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Call 7: Support the aims and work of the Care Review – making changes to improve care now and in future

By Fiona Duncan

Over the past 18 months the Independent Care Review has heard from 1,136 infants, children, young people and adults across Scotland about their experience of care.

These voices have consistently told the Care Review how important it is for them to have meaningful and consistent relationships, for their rights to be respected and upheld, and for love to be part of their everyday lives instead of the stigma they too often encounter.

The themes that emerged from the discovery stage conversations were discussed and developed along with a go-to group of 62 care-experienced young people. As a result of this, ten thematic areas were identified that required deeper understanding, and the Care Review’s 12 Intentions were developed.

The Care Review Intentions:

Families on the edge of care will get the support they need to stay and live together where safe to do so. Scotland’s infants, children and young people will be nurtured, loved and cared for in ways that meet their unique needs.

Relationships which are significant to infants, children and young people will be protected and supported to continue unless it is not safe to do so. This recognises the importance of brothers and sisters, parents, extended family and trusted adults.

Care experienced infants, children and young people will thrive in supportive and stable learning and work environments, ensuring they have the same opportunities as others.

Aftercare will be designed around the needs of the person leaving care supporting them to lead a fulfilling life, for as long as they need it.

Infants, children and young people’s rights will be part of normal everyday life, practice and decision-making.

Infants, children and young people’s voices will have a visible and meaningful impact on decision-making and care planning.

All adults involved in the care of infants, children and young people are empowered, valued and equipped to deliver the best care system in the world.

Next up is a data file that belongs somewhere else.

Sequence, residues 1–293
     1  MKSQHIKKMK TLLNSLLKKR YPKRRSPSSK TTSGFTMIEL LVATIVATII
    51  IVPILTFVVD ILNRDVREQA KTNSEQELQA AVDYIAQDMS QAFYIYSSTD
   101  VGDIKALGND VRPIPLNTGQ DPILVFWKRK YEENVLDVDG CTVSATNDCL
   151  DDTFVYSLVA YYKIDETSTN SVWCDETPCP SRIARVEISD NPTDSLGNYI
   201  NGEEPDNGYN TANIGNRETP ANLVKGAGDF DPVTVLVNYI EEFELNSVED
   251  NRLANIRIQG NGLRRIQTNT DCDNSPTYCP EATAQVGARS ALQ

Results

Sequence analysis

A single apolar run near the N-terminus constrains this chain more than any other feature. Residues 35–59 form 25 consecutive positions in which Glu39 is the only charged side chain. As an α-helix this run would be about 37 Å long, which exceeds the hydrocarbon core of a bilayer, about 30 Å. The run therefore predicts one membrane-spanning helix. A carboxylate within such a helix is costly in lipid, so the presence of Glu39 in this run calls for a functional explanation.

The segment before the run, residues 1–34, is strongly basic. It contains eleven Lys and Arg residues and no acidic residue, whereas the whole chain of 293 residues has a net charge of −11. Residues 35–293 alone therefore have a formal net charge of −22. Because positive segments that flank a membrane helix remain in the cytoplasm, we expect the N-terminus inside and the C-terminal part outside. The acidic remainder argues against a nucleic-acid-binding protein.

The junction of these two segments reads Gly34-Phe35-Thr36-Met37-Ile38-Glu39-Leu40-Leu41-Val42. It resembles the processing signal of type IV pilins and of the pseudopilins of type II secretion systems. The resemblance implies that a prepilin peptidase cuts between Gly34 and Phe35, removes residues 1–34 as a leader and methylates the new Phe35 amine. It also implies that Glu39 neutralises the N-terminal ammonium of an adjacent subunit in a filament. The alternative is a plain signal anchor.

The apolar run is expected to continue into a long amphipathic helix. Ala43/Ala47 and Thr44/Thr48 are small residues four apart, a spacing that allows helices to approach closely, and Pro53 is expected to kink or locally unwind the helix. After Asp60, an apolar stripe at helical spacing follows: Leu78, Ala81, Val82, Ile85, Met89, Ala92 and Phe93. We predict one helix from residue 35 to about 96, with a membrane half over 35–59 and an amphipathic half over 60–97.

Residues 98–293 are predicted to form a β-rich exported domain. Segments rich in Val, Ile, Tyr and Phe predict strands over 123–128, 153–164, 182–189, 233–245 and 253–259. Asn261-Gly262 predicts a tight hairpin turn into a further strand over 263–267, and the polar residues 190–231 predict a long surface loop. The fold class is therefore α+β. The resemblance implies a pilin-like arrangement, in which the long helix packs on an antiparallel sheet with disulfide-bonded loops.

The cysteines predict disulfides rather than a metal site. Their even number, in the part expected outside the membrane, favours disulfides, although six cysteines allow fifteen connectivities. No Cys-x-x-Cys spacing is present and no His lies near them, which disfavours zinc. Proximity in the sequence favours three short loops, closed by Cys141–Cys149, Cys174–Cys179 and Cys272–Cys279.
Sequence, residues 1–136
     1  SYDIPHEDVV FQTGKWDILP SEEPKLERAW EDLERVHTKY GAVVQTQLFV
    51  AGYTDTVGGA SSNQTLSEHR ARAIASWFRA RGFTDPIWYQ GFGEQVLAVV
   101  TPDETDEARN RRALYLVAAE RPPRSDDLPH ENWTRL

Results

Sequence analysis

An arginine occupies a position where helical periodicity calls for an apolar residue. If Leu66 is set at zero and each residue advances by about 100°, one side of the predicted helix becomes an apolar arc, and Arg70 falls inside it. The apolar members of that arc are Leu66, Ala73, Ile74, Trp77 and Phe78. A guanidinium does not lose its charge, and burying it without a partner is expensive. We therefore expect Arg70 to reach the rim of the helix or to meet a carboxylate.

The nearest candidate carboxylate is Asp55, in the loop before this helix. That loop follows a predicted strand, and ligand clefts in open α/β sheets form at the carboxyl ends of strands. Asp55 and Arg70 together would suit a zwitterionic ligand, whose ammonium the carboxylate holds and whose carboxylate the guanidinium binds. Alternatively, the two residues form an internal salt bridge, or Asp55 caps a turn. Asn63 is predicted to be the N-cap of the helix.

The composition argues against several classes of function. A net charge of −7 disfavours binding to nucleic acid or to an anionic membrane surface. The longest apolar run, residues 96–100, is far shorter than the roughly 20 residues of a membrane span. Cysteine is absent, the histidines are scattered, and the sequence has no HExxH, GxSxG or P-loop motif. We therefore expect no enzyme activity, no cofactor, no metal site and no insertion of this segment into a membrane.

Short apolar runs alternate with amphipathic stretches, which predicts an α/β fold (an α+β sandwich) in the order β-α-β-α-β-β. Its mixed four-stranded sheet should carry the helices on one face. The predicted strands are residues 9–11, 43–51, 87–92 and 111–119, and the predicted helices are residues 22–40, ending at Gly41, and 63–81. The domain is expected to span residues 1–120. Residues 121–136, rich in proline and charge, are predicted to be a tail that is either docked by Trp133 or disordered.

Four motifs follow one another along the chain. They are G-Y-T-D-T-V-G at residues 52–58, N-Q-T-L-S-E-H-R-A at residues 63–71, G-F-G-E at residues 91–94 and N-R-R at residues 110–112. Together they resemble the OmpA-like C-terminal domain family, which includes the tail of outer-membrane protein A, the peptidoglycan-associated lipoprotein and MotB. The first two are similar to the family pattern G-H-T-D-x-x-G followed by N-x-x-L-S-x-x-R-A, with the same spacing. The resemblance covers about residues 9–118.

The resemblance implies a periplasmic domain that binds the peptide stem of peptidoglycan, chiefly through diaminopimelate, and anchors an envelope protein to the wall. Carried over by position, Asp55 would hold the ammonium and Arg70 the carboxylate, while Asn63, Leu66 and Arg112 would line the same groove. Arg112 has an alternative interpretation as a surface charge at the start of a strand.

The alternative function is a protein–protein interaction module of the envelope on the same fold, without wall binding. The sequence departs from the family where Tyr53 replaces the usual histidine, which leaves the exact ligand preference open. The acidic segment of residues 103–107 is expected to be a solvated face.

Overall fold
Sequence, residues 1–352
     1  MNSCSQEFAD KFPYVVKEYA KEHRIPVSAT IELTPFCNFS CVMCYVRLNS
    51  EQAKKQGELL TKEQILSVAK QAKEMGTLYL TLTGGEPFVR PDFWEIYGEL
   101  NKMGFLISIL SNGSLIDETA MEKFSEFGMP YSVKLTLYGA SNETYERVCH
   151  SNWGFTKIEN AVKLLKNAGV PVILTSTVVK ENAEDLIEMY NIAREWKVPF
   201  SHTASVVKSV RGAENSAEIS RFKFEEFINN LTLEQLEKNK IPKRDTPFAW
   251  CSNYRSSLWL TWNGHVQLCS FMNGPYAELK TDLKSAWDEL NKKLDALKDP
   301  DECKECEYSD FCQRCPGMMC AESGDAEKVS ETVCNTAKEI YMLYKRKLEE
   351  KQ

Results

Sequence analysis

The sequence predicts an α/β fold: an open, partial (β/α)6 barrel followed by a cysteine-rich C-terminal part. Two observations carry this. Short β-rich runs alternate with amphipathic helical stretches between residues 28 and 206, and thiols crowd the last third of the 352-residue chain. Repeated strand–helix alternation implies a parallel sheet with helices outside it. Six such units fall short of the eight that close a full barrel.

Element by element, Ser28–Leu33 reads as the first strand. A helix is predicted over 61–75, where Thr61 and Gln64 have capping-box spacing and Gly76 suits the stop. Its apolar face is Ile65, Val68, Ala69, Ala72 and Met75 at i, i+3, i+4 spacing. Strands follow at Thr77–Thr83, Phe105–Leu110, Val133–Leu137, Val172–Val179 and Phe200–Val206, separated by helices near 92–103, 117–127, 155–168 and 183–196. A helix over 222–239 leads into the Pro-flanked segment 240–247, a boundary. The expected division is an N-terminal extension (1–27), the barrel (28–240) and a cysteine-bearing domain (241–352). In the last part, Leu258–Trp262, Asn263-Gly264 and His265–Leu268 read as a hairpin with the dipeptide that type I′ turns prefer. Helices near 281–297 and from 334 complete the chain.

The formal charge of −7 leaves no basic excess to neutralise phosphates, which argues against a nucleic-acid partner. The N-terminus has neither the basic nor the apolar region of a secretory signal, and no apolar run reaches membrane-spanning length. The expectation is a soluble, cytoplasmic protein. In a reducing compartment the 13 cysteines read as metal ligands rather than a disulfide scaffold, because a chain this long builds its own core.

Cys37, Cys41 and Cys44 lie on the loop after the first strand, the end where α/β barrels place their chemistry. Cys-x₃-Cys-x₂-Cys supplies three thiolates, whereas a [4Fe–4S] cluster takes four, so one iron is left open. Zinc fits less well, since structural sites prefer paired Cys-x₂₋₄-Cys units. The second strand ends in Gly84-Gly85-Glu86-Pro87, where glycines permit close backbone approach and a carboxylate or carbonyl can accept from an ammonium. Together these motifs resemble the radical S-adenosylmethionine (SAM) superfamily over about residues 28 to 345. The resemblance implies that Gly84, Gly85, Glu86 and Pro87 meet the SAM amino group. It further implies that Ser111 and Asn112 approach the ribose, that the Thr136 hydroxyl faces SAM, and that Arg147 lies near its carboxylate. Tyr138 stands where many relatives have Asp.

Scotland’s care services will plan and work better together, sharing information more easily to ensure we understand the what and how of supporting infants, children, young people and their families from a local through to a national level.

Scotland will understand the financial and human cost of care, including what happens when people don’t get the help they need.

The words used to describe care will be easily understood, positive and not create or compound stigma.

There will be no stigma for infants, children and young people in care because Scotland will understand why our children need care.

These Intentions are at the heart of the work of the current stage of the Care Review, the Journey; the Intentions are guiding work groups as they explore these areas of practice.

The Care Review has learned that while there is practice that causes difficulty for children and young people – which must end as soon as possible – there are also many things happening for children and young people that should be celebrated.

The Care Review calls on Scotland to get involved and stay involved in order to identify and implement changes to day-to-day practice, as well as system-wide improvements, and support the delivery of these Intentions to ensure that Scotland is the best place in the world for all children and young people to grow up.

Follow #25Calls to see which organisations have endorsed this call.

Article 20 – United Nations Convention on the Rights of the Child: '... a child temporarily or permanently deprived of his or her family environment, or in whose own best interests cannot be allowed to remain in that environment, shall be entitled to special protection and assistance provided by the State...'

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United Nations Convention on the Rights of the Child

Article 20: "a child... deprived of his/her family environment shall be entitled to special protection..."

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